Ugly Smiles

These aren’t the kinds of smiles you want to see radiating from any of the plants on deck.

Blossom end rot
Turn this frown upside down and it's still a frown.

POD’s pretty sure this is a nasty case of blossom end rot. Which, essentially, is a calcium deficiency. The good news? It’s not contagious. The bad news, there’s a chance there’s not much to be done at this point.

So, in the hopes of avoiding this next year, what caused this nastiness? Well, external stress like lack of water and excessive heat could be a factor. (It was pretty brutal a couple of weeks ago and with a vacation nibbling into obsessive-compulsive gardening, the plants were only watered once a day, rather than twice a day). Honestly, that’s what we’re really, really hoping for. That can be immediately addressed.

Also worth noting, this is the only tomato planted in Miracle Gro Organic soil (the Isis Candy, Black Cherry, and Gold Nugget were planted in either Organic Mechanic or Coast of Maine — both of which seemed like much richer, less mulchy soil blends). And, because this fella’ was a rather late and unexpected arrival, I just can’t say for certain whether or not it received the crumbled egg shells its compatriots enjoyed. Next year, the soil can be gussied up with a shot of bone meal, too. And yes, maybe it’s time to invest in that Ph kit to make sure the soil’s around 6.0-6.5.

calcium deficiency in tomato leaves
Calcium, it does a body good.

Its slightly curled leaves add further evidence to the diagnosis. While adding milk to the soil and spraying with the powdery mildew mixture (which contains milk) is tempting, it probably won’t do much as calcium isn’t immediately absorbed. Which isn’t to say both “remedies” haven’t already been applied. It’s worth a shot.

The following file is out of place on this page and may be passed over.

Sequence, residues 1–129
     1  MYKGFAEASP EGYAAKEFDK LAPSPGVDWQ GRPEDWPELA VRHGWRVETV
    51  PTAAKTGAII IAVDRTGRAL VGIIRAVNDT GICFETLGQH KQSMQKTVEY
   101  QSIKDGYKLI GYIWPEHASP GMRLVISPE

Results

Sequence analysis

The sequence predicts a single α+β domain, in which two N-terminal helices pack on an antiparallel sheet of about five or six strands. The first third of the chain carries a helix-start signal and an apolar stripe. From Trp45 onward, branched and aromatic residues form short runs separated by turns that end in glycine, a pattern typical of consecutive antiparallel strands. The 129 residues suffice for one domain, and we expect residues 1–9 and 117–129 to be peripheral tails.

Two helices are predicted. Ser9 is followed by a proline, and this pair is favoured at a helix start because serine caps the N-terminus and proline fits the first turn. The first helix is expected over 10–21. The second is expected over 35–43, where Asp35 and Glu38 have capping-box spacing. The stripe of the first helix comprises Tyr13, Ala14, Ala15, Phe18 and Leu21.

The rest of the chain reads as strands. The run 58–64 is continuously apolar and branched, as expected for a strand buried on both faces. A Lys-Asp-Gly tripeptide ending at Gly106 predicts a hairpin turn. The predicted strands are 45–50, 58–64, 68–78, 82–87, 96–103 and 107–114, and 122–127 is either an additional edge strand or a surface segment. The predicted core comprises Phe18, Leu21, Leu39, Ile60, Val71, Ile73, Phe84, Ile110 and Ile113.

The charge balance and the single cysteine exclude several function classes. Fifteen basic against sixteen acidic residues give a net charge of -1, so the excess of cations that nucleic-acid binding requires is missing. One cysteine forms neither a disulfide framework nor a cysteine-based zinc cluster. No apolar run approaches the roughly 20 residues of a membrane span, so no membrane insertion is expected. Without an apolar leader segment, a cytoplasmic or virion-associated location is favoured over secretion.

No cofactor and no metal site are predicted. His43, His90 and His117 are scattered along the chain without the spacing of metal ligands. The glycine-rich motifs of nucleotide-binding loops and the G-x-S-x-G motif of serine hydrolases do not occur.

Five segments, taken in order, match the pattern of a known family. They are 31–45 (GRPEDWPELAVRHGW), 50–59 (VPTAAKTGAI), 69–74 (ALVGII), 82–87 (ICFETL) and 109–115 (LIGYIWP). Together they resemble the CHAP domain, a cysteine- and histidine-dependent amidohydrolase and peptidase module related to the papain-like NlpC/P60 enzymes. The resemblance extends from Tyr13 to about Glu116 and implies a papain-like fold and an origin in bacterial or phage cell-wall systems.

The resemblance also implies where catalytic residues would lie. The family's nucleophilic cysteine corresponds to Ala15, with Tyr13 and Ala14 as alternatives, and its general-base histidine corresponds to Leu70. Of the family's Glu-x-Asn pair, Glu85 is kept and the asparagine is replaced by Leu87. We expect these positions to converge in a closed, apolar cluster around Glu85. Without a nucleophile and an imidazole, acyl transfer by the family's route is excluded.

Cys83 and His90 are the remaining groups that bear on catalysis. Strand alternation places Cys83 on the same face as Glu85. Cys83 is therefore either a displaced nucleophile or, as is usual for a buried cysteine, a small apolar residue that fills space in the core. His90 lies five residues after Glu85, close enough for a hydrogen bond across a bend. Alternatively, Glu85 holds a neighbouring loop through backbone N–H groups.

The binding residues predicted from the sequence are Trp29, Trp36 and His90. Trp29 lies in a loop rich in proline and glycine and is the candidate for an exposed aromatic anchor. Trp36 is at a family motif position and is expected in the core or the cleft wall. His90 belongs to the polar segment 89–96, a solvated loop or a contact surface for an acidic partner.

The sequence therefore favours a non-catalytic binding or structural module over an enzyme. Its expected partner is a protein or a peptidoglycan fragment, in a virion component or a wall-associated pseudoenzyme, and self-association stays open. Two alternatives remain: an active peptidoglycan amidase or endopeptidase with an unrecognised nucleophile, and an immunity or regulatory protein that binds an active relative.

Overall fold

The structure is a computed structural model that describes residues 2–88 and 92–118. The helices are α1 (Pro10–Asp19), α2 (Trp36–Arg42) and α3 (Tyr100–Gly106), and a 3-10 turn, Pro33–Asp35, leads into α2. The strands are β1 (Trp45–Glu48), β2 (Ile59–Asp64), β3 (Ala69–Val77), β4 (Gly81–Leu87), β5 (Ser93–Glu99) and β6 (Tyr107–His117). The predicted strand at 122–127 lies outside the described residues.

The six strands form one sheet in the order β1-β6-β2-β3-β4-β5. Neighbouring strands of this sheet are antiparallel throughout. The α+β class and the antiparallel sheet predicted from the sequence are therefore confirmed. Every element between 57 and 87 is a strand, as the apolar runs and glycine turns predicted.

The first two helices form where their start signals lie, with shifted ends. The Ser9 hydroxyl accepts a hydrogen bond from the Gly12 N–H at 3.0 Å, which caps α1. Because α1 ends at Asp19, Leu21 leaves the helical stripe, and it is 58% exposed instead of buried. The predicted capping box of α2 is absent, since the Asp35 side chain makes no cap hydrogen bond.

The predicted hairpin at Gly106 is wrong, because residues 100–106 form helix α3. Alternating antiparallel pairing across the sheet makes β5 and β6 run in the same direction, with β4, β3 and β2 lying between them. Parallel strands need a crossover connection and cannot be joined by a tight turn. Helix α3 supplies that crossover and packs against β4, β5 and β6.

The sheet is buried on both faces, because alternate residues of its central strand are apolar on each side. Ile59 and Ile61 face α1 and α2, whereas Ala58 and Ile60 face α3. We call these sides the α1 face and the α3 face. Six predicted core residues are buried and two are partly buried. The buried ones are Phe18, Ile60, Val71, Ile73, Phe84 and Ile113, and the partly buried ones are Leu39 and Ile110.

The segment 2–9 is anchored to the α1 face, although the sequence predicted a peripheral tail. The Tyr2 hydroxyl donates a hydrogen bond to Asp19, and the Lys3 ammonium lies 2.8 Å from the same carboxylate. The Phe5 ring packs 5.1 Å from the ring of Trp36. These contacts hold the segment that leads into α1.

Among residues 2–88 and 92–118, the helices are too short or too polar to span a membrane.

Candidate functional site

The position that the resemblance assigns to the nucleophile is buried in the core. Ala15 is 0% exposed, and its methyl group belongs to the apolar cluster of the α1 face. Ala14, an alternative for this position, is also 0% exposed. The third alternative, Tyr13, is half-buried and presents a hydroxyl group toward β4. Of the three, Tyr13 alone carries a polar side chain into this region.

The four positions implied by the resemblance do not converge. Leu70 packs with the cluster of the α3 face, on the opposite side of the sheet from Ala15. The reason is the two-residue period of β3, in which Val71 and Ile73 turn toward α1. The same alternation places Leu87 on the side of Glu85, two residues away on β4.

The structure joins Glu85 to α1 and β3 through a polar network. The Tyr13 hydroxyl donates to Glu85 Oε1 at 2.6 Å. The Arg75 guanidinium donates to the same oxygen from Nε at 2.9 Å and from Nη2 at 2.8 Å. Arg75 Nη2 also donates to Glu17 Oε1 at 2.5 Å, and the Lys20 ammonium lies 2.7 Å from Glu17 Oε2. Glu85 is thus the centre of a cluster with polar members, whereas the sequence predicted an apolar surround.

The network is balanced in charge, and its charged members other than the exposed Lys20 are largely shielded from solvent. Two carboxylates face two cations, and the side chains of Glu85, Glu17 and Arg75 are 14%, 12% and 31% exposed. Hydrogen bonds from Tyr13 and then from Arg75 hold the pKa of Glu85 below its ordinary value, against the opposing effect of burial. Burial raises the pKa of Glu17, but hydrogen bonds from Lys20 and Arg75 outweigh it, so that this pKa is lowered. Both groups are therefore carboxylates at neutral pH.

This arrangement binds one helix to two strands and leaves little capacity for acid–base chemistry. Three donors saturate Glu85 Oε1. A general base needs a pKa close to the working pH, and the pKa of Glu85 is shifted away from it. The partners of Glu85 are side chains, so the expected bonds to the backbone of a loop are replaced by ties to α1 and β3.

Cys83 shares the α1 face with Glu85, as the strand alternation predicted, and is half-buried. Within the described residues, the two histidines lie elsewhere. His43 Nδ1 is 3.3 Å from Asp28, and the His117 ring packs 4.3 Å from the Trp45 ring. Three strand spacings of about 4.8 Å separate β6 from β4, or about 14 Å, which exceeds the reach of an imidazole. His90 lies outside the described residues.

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Walking on Eggshells

calcium enriched soilCome rain or shine, POD’s planting tomatoes this weekend. In an effort to prep the soil as thoroughly as possible, a few crumbled eggshells will lend some calcium to the mix. Just like healthy bones need plenty calcium to maintain structural integrity, so do healthy tomatoes (and peppers).

Tomatoes (and peppers) have a nasty habit of coming down with blossom end rot, a disgusting-looking rotting/fungus that rears its ugly head at the blossom end of the fruit or vegetable as its beginning to mature.

Now, the whole eggshell-into-mix may well be an old wives’ tale, but someday POD will be an old, old wife.

Drink Milk

Tomato Milk
Tomato Milk

Last year POD’s Nebraska Wedding suffered from (among other things) a nasty case of blossom end rot. Wherein the lovely half-formed fruits suddenly blackened at the, well, blossom end and rotted. Exactly as the difficult-to-parse name would suggest.

Since then I learned that tomatoes need calcium to keep their cell walls strong and healthy. So this Chocolate Cherry is soaking up a diluted mixture of soured skim milk (why use good milk?) and water. This particular batch was about 40% milk and 60% water but it’s not all that fussy.  Well, calcium and warm soil. So practice patience, if you can, and wait for temperatures to stabilize.

Supposedly tomatoes also enjoy a seaweed snack every now and again. Since South Philadelphia isn’t quite close enough to the Jersey shore to use seaweed as mulch, I ground up some dried seaweed from the Number One Asian supermarket, dumped it in the milk solution and called it a day. We shall see.